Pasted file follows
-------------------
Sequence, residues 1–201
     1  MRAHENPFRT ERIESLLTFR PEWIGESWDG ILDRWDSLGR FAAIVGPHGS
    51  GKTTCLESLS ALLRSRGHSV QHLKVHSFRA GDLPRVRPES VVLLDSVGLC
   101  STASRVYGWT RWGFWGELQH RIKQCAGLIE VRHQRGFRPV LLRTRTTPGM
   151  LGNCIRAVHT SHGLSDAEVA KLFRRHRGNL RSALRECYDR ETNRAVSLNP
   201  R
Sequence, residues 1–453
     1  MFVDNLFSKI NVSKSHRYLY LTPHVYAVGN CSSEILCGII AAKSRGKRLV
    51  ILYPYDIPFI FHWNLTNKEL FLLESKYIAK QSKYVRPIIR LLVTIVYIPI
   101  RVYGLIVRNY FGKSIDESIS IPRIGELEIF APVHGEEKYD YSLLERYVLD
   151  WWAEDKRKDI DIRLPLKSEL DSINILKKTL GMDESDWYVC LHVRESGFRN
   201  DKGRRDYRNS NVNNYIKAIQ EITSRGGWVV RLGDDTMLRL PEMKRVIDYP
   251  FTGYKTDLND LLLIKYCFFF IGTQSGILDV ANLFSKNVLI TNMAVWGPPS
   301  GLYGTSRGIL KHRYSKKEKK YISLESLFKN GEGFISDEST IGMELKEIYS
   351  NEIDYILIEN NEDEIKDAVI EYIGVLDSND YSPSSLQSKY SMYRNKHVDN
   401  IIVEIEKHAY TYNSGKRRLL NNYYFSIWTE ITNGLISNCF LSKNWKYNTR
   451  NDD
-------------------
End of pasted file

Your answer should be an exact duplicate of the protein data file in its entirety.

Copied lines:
Sequence, residues 1–201
     1  MRAHENPFRT ERIESLLTFR PEWIGESWDG ILDRWDSLGR FAAIVGPHGS
    51  GKTTCLESLS ALLRSRGHSV QHLKVHSFRA GDLPRVRPES VVLLDSVGLC
   101  STASRVYGWT RWGFWGELQH RIKQCAGLIE VRHQRGFRPV LLRTRTTPGM
   151  LGNCIRAVHT SHGLSDAEVA KLFRRHRGNL RSALRECYDR ETNRAVSLNP
   201  R
Sequence, residues 1–453
     1  MFVDNLFSKI NVSKSHRYLY LTPHVYAVGN CSSEILCGII AAKSRGKRLV
    51  ILYPYDIPFI FHWNLTNKEL FLLESKYIAK QSKYVRPIIR LLVTIVYIPI
   101  RVYGLIVRNY FGKSIDESIS IPRIGELEIF APVHGEEKYD YSLLERYVLD
   151  WWAEDKRKDI DIRLPLKSEL DSINILKKTL GMDESDWYVC LHVRESGFRN
   201  DKGRRDYRNS NVNNYIKAIQ EITSRGGWVV RLGDDTMLRL PEMKRVIDYP
   251  FTGYKTDLND LLLIKYCFFF IGTQSGILDV ANLFSKNVLI TNMAVWGPPS
   301  GLYGTSRGIL KHRYSKKEKK YISLESLFKN GEGFISDEST IGMELKEIYS
   351  NEIDYILIEN NEDEIKDAVI EYIGVLDSND YSPSSLQSKY SMYRNKHVDN
   401  IIVEIEKHAY TYNSGKRRLL NNYYFSIWTE ITNGLISNCF LSKNWKYNTR
   451  NDD